Mediastinoscopy

Operation

Mediastinoscopy is performed to sample the lymph node or mass around the trachea.  A 3 cm incision is made at the top of the breastbone.  The muscle overlying the airway is separated and a mediastinoscope is inserted into the chest.  The lymph nodes or mass around the airway are identified, removed and sent to pathologist for analysis.

Risks

Mediastinoscopy is a very safe procedure.  The most common rare complications are bleeding, pneumothorax and wound infection.  There are also very rare complication of injury to the major vessels such as the pulmonary artery, aorta and azygus vein as well as injury to the trachea or bronchus.  When these very rare complication occurs a median sternotomy may be required to fix the injury.  Finally there is a very small chance of injuring the recurrent laryngeal nerve which controls your vocal cords.  The injury to the recurrent laryngeal nerve may result in hoarseness and need for further procedure to correct the problem.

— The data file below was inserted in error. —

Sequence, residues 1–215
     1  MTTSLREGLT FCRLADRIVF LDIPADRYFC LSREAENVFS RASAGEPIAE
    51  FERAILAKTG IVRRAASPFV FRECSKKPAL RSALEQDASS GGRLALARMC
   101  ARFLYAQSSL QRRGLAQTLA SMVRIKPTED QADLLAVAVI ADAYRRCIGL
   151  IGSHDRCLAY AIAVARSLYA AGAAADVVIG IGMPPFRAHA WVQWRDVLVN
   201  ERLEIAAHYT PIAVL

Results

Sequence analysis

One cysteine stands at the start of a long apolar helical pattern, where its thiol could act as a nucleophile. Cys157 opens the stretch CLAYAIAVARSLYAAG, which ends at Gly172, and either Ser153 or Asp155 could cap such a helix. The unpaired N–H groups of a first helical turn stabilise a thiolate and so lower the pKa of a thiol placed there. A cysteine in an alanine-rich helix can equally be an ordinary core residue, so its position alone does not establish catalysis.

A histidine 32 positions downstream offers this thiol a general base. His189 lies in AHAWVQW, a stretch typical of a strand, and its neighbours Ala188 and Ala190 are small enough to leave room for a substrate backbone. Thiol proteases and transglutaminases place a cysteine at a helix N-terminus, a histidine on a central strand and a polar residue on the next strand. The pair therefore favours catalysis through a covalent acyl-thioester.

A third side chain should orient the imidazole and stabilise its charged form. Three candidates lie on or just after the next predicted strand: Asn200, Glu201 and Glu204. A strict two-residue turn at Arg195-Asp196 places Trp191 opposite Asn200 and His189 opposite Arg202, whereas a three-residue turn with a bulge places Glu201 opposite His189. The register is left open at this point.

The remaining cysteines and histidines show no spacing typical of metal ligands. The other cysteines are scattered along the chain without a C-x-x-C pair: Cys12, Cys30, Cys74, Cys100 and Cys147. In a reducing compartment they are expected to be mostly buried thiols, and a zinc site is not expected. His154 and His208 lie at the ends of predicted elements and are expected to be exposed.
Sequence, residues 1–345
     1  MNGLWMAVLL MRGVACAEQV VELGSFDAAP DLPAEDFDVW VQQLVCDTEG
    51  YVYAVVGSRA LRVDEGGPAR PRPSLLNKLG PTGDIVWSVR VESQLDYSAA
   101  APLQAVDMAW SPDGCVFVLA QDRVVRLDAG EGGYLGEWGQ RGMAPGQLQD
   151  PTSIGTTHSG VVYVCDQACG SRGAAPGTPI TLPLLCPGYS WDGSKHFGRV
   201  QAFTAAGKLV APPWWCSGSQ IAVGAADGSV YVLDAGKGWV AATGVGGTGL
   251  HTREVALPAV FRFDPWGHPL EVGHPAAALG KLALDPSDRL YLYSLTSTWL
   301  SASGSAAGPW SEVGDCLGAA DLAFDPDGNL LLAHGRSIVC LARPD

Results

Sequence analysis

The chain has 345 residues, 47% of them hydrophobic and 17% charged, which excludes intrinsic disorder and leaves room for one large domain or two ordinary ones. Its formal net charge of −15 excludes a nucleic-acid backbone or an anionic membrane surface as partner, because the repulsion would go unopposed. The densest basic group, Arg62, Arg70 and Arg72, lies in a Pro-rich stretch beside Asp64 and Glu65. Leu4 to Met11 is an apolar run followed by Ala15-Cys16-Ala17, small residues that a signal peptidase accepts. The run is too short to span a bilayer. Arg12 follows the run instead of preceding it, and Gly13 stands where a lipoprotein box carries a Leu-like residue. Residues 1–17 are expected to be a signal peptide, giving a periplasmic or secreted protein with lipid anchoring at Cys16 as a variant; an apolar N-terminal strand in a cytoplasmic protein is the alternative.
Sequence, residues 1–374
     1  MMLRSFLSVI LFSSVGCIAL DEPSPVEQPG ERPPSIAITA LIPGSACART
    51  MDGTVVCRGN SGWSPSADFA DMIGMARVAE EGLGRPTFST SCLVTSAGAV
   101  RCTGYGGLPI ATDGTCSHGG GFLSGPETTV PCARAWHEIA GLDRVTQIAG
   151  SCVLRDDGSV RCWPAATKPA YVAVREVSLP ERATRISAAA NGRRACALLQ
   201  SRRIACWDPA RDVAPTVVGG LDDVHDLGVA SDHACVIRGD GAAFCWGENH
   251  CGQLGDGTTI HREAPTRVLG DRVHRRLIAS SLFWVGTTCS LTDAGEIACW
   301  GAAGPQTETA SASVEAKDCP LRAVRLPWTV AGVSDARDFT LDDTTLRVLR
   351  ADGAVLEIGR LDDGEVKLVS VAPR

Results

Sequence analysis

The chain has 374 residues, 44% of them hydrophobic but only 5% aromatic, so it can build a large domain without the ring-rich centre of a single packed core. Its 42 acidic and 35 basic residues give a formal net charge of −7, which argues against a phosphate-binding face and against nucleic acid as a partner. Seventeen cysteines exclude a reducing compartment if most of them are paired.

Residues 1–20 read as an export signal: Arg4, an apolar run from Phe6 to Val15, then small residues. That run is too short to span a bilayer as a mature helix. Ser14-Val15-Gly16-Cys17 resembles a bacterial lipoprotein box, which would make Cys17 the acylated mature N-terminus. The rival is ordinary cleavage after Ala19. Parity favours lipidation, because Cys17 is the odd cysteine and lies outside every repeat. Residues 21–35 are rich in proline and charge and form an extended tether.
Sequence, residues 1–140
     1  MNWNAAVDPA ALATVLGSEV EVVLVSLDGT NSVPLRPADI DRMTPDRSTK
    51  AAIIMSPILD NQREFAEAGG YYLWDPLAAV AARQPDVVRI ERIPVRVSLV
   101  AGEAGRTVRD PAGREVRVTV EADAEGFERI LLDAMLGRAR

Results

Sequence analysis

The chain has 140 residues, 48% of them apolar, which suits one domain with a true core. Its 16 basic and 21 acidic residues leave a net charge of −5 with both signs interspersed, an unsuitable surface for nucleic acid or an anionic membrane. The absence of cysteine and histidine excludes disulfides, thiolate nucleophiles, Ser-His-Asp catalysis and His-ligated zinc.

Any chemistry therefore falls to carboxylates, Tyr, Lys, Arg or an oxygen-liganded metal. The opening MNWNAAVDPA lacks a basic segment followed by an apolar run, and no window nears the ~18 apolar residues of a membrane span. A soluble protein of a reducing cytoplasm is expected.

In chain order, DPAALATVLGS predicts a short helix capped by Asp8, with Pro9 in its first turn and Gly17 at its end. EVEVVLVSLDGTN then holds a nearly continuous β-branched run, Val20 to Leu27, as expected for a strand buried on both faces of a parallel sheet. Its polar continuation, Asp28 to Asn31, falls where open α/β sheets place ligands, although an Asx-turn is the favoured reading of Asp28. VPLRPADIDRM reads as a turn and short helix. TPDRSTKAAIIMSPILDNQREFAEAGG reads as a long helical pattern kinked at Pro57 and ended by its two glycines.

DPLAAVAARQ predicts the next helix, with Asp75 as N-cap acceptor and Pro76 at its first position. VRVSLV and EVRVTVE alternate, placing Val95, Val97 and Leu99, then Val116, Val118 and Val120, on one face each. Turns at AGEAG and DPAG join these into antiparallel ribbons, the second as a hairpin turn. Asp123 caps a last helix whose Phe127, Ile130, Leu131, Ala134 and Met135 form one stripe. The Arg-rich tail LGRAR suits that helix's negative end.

Recovery

Mediastinoscopy is an outpatient procedure.  After the operation, you will have a chest X-ray to ensure that there is no pneumothorax and once you recover from the anesthesia and your pain is well controlled you will be discharged home.